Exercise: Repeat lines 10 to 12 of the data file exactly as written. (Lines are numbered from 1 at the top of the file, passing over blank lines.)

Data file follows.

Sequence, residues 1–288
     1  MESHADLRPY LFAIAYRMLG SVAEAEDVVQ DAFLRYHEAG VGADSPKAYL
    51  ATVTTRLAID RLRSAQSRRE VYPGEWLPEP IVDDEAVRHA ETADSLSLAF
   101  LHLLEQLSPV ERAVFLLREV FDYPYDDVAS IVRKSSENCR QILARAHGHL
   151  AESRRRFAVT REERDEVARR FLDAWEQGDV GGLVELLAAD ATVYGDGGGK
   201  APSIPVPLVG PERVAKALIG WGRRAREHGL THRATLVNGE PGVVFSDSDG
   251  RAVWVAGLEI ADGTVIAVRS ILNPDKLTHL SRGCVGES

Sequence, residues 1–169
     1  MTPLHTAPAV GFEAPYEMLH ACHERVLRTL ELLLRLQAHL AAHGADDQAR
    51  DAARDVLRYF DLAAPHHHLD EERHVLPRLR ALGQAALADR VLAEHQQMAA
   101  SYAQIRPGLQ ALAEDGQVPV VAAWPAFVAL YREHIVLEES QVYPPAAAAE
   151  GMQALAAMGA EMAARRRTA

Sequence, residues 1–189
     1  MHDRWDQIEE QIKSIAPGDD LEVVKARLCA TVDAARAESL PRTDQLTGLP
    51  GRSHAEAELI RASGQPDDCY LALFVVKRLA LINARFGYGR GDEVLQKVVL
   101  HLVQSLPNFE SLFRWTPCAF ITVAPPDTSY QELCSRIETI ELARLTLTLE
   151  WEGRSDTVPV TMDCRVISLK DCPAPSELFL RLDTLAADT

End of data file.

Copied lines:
    51  DAARDVLRYF DLAAPHHHLD EERHVLPRLR ALGQAALADR VLAEHQQMAA
   101  SYAQIRPGLQ ALAEDGQVPV VAAWPAFVAL YREHIVLEES QVYPPAAAAE
   151  GMQALAAMGA EMAARRRTA